China's Son by Da Chen
Growing Up in the Cultural Revolution

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Synopsis

A candid memoir about growing up during the Chinese Cultural Revolution, adapted by the author from his Colors of the Mountain, published by Random House.

Da Chen was born in China in 1962. The grandson of a landlord, he and his family were treated as outcasts in Communist China. In school, Da was an excellent student until a teacher told him that, because of his “family’s crimes,” he could never be more than a poor farmer. Feeling his fate was hopeless, Da responded by dropping out and hanging around with a gang. However, after Mao’s death, Da realized that an education and college might be possible, but he had to make up for the time he’d wasted. He began to study–all day and into the night. His entire family rallied to help him succeed, working long hours in the rice fields and going into debt to ensure that Da would have an education. When the final exam results were posted, he had one of the highest scores in the region and had earned a place at the prestigious Beijing University. Now his family’s past would not harm their future.


From the Hardcover edition.
 

About Da Chen

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DA CHEN grew up in China and graduated from Columbia University Law School. He lives in Los Angeles with his wife and two children. Brothers, Da Chen's acclaimed first work of fiction, made the 2006 best book lists at the Washington Post, San Francisco Chronicle, Miami Herald, and Publishers Weekly. Other books include the New York Times bestselling memoir Colors of the Mountain, Sounds of the River, Wandering Warrior and China's Son.
 
Published February 19, 2009 by Laurel Leaf. 228 pages
Genres: Biographies & Memoirs, History, Travel, Children's Books, Education & Reference, Literature & Fiction. Non-fiction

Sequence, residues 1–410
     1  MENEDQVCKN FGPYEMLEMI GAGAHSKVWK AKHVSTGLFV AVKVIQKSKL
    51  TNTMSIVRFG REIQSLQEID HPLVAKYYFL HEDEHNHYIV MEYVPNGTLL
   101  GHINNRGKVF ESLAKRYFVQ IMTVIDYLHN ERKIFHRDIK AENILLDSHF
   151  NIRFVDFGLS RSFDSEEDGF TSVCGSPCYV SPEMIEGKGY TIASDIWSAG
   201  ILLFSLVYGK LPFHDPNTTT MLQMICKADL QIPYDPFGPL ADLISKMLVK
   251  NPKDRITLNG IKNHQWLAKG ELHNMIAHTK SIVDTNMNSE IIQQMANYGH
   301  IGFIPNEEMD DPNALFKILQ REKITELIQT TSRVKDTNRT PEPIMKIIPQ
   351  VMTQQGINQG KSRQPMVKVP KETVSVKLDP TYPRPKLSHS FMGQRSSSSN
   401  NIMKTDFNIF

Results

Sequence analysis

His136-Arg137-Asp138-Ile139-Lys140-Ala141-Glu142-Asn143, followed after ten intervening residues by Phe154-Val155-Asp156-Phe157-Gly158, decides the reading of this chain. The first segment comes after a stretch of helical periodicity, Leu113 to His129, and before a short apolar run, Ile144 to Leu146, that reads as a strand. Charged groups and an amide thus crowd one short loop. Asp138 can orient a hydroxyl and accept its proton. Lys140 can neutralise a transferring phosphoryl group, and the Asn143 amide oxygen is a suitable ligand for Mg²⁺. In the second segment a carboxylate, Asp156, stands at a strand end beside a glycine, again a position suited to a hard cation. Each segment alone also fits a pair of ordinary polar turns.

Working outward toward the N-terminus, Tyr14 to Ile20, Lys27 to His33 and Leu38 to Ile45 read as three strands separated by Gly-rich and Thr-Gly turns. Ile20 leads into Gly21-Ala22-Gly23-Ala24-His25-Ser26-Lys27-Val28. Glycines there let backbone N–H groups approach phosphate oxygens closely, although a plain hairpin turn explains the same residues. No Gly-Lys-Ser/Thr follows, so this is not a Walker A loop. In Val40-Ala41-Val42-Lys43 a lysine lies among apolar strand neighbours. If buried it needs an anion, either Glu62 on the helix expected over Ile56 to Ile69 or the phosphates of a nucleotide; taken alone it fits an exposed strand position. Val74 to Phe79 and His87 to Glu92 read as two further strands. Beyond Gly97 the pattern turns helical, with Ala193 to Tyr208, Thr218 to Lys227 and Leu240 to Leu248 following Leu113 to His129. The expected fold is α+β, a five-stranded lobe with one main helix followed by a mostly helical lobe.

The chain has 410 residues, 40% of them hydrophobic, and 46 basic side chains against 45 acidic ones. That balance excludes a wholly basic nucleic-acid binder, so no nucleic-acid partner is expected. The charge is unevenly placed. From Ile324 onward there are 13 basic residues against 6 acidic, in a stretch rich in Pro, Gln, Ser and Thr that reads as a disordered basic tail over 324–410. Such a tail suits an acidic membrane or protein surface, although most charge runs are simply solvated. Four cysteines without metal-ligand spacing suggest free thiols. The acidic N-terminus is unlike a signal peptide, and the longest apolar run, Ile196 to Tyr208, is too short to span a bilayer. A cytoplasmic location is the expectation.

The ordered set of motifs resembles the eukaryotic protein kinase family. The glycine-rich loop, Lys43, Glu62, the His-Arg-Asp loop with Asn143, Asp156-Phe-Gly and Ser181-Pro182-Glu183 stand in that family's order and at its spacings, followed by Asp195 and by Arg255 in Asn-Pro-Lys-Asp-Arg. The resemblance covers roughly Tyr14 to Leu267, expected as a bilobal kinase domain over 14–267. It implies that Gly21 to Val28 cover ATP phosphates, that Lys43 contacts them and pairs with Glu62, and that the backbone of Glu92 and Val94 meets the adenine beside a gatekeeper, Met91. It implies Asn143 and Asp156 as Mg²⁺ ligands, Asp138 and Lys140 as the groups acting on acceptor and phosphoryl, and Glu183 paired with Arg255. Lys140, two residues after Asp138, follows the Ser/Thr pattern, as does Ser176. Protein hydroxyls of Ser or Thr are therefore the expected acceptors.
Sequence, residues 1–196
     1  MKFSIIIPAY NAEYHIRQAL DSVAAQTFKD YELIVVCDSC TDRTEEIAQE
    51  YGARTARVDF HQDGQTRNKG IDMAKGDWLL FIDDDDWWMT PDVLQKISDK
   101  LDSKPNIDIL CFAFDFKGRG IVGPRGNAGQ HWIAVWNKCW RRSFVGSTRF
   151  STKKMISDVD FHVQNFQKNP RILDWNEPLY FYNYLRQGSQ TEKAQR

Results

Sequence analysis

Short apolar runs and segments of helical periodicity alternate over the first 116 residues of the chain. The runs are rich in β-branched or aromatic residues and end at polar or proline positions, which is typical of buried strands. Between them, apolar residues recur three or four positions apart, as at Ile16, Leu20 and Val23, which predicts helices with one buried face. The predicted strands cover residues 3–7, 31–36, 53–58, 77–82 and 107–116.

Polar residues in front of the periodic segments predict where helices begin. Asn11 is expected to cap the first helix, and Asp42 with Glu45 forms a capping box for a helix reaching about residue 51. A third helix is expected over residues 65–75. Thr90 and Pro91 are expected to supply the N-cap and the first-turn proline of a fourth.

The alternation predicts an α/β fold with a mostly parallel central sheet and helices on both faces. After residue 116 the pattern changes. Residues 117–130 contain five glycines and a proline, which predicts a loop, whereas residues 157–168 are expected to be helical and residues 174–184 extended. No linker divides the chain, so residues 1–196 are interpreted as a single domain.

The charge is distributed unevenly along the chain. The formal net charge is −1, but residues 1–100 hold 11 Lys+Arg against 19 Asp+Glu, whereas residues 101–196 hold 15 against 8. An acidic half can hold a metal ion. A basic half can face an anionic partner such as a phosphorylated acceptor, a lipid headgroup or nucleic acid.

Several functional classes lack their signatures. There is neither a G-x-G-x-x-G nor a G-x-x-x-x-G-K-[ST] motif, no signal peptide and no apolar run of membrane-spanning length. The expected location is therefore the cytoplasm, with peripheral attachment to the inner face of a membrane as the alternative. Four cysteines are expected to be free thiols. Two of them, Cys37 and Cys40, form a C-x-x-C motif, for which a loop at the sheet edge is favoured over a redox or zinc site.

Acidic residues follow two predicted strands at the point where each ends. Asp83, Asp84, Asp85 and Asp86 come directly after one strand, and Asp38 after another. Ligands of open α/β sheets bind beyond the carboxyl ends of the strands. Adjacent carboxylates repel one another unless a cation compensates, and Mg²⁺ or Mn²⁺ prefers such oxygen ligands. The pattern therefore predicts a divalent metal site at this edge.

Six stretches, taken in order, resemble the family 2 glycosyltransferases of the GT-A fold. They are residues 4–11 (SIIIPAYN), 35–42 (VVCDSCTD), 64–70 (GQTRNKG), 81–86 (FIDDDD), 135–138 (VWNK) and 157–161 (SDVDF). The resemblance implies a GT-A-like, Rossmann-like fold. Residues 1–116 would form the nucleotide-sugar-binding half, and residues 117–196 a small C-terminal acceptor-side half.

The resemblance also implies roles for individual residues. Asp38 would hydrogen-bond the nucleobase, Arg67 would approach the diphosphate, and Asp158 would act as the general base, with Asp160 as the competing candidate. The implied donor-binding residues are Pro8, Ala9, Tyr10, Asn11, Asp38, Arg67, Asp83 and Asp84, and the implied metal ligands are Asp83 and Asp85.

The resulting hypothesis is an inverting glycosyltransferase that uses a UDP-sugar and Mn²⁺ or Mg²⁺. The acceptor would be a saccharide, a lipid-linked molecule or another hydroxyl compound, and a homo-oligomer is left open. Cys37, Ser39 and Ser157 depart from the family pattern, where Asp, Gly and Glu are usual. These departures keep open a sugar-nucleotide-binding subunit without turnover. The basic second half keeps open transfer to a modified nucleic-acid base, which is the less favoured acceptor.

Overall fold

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Kirkus Reviews

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Adapted from his work published for adults, Colors of the Mountain (1999), this autobiography of a landlord’s son growing up as a pariah in his village in the ’60s is gripping and funny.

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Publishers Weekly

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Adapted for young adults, from the author's adult memoir Colors of the Mountain, this coming-of-age tale traces Chen's boyhood in Maoist China as the grandson of former landlords.

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Publishers Weekly

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Adapted from his adult memoir, Colors of the Mountain , this coming-of-age tale traces the author's boyhood in Maoist China as his family is stripped of property and cruelly treated.

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Publishers Weekly

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Adapted for young adults from Chen's memoir (Colors of the Mountain), this coming-of-age tale traces the author's boyhood in Maoist China.

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